A temporary restraining order is a very serious matter. It’s a court order that is typically filed before a permanent restraining order is issued.
Restraining orders are used in a lot of domestic violence cases or conflict between family members that has turned aggressive. Some examples of that conflict include
- physical abuse
- sexual assault
It’s important to know that you have a number of important rights if a restraining order is filed against you. It’s critical to know what these rights are and what you can do.
What is a Temporary Restraining Order?
A temporary restraining order (TRO) is a court-issued document before a trial.
A judge orders the TPO when there is a credible threat of violence to stop certain actions by someone in order to prevent:
- Physical harm
Restraining orders are often used in domestic violence cases in which:
- A victim will typically file one against an alleged abuser.
- They require someone to have no contact with or stay away from the person who files it.
However, a temporary order only lasts for a few days up to a few weeks. There is more to the legal process before a judge is able to enter a permanent order.
In those cases, you are entitled to a hearing and to defend yourself.
What happens when a restraining order is filed?
- A restraining order is filed (by a “petitioner”) through the court system.
- The petitioner asks the court to grant the order against someone (known as the respondent).
- A temporary order is issued initially before a judge sets a hearing on whether or not to grant a permanent restraining order.
You should never ignore a restraining order if one is filed against you. If you feel that you have a valid argument against a restraining order, there are steps you should take.
- You can gather evidence related to the petition. That includes physical items and electronic records such as text messages or emails.
- Also, make a list of credible witnesses and make sure you have their contact information.
What happens if a restraining order is violated?
Violating a restraining order is very serious, and you can be charged with a crime if you do so. That’s why it’s imperative to obey a restraining order.
Even if you feel the restraining order is invalid, make sure to follow all the orders contained in it.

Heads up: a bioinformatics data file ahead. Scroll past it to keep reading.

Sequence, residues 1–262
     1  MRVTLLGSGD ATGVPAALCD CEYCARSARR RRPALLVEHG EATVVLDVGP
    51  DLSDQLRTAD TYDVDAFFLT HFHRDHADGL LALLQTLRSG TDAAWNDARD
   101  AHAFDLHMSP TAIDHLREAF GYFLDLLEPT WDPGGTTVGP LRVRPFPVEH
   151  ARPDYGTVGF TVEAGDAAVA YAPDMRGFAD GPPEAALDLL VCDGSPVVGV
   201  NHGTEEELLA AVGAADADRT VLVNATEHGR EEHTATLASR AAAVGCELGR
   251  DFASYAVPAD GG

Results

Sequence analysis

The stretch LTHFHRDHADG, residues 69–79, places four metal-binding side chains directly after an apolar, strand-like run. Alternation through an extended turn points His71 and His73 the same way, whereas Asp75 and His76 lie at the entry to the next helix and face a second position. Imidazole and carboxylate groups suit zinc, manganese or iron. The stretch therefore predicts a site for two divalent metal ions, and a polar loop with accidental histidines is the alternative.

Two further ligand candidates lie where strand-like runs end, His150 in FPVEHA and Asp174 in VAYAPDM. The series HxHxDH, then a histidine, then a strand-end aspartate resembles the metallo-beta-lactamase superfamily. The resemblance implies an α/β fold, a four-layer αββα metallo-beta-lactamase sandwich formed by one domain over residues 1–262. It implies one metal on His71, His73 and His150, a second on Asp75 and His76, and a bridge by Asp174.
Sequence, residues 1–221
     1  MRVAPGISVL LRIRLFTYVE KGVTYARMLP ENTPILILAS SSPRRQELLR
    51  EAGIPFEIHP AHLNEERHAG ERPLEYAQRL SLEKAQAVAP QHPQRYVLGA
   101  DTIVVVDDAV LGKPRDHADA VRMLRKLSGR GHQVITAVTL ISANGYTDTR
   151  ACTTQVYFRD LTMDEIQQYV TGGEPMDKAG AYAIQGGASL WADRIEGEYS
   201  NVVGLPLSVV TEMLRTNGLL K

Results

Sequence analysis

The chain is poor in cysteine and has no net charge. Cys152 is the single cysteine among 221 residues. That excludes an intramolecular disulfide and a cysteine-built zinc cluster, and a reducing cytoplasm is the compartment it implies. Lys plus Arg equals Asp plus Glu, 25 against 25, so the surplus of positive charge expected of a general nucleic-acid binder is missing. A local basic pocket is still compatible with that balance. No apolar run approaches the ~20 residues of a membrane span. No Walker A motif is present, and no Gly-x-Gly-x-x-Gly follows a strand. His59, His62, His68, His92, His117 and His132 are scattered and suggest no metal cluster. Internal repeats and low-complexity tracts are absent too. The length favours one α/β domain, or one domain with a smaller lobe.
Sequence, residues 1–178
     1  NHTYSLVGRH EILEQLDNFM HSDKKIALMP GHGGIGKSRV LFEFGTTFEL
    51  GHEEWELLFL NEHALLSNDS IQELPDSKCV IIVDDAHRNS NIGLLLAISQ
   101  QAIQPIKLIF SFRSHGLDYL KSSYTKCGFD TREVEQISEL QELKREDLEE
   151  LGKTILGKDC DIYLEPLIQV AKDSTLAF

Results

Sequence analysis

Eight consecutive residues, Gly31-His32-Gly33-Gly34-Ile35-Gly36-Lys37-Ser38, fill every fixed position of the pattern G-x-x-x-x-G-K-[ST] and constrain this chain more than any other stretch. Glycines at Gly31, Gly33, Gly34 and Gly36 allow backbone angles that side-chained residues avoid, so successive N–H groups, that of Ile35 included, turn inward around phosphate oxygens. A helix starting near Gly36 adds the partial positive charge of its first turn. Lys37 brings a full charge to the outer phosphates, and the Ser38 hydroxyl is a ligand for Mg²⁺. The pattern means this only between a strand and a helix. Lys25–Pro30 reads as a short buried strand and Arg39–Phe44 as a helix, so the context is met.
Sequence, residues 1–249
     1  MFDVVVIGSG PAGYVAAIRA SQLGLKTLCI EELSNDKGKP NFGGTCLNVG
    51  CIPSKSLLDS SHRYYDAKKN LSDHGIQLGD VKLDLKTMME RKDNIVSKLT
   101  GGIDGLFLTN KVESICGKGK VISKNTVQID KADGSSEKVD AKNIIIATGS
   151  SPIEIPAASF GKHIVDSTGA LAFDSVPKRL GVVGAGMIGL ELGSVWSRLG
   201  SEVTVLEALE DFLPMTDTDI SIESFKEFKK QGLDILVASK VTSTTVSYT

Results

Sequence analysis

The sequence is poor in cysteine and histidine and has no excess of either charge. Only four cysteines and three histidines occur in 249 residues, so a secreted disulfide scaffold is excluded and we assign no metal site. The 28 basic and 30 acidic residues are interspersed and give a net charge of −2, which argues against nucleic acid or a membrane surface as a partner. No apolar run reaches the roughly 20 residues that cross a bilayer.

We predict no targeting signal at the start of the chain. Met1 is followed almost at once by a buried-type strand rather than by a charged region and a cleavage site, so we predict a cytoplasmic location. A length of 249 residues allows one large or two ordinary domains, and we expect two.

It’s better to let the legal process of a restraining order play out rather than try to settle a dispute outside of the courtroom.
- Don’t try to talk to the petitioner who filed against you or any witnesses that would likely testify on behalf of them.
- You should not destroy any evidence you think may hurt you. You want to avoid creating any doubt or suspicion against you.
What are the differences between a temporary and permanent restraining order?
A temporary restraining order:
Can be filed by a petitioner against someone without the respondent or target of the order present. Typically, temporary orders only last a few days and, in some cases, a few weeks.
Permanent restraining order:
- To be issued, a judge is required to have a formal hearing.
- The judge will set the hearing, and the target of the order is notified.
Oftentimes, these hearings are set quickly within a matter of days or weeks from when the temporary restraining order is filed. That means you may only have a week or so to prepare.
How can an attorney help you if you have a restraining order against you?
You have the right to be represented by an attorney if a domestic violence restraining order has been filed against you. However, in this type of proceeding, you are not entitled to a court-appointed attorney or free counsel.
This is why it’s important to find an experienced criminal defense attorney who can help you every step of the way leading up to your court hearing.
The court process can oftentimes seem complicated, and an attorney can help simplify things.
- An attorney will have a full understanding of the laws in your state.
- They can help defend you against a permanent order. Remember, a temporary restraining order happens quickly, and the legal proceedings that happen after can seem to happen even quicker.
- An attorney can walk you through the process step by step.
In short, hiring an experienced lawyer will increase your chances of a favorable outcome.